For instance, the exact amount of the settlement remains unknown, and it is unclear whether the settlement was sourced from public or private funds. UNC Media Relations declined to comment on the details of the settlement. 

Aikat said that the university is obligated to inform the public of information about the settlement, especially after members of the UNC community have experienced a sense of loss. 

“This controversy did not do anybody any good. All of us would have been enriched by Nikole Hannah-Jones being hired, and she could have benefited our community,” he said. “In many ways, it’s a loss, and when we are suffering or healing through a loss, and the university says that we are doing a settlement, it’s a wonderful step, but we need details.”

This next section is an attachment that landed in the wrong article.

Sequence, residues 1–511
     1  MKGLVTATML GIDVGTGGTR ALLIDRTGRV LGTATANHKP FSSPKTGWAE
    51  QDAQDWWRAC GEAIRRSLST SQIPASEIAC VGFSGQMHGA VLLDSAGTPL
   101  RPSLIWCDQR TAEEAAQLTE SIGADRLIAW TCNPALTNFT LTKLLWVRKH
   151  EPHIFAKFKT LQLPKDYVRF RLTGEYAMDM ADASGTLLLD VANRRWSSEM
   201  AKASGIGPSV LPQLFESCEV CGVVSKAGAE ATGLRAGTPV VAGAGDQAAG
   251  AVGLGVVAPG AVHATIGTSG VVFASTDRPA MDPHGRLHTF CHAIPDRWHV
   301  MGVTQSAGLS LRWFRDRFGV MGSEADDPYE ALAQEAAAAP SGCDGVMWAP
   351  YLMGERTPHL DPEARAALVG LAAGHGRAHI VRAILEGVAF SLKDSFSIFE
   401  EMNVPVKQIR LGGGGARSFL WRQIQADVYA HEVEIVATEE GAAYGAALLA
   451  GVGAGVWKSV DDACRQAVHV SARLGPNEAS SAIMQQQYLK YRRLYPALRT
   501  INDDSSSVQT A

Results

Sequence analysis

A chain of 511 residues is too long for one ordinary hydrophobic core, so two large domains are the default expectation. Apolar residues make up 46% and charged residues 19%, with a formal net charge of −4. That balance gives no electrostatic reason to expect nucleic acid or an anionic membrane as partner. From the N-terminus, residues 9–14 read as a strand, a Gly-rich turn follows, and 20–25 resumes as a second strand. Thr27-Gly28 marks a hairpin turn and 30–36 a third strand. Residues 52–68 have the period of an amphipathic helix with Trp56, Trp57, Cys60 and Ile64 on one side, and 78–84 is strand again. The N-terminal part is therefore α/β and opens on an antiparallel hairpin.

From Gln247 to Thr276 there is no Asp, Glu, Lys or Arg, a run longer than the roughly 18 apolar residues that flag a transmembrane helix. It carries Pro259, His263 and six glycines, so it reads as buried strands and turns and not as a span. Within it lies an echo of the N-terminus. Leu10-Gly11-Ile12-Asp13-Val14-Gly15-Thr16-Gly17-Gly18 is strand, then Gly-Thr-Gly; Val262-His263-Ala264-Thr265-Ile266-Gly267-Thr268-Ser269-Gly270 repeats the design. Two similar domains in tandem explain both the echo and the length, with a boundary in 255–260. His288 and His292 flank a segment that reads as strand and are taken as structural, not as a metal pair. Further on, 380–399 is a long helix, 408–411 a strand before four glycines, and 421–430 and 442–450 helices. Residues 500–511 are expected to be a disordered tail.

Jay Smith, a UNC history professor, said that denials of tenure applications are uncommon in university’s history. 

“I’m tempted to say that it’s unprecedented,” he said. “In my 32 years here, I can’t think of a single case where a tenure recommendation from a department or a professional school was turned back by the Board of Trustees, and that’s how it should be.” 

Richard Stevens, the then-chairman of the Board of Trustees, told Associated Press last year that Hannah-Jones’ tenure application was rejected because she didn’t come from a “traditional and academic-type” background. 

Smith said that the Board of Trustees should respect tenure recommendations by faculty and departments, including that of Hannah-Jones, except in extraordinary circumstances which should then be immediately communicated to the faculty.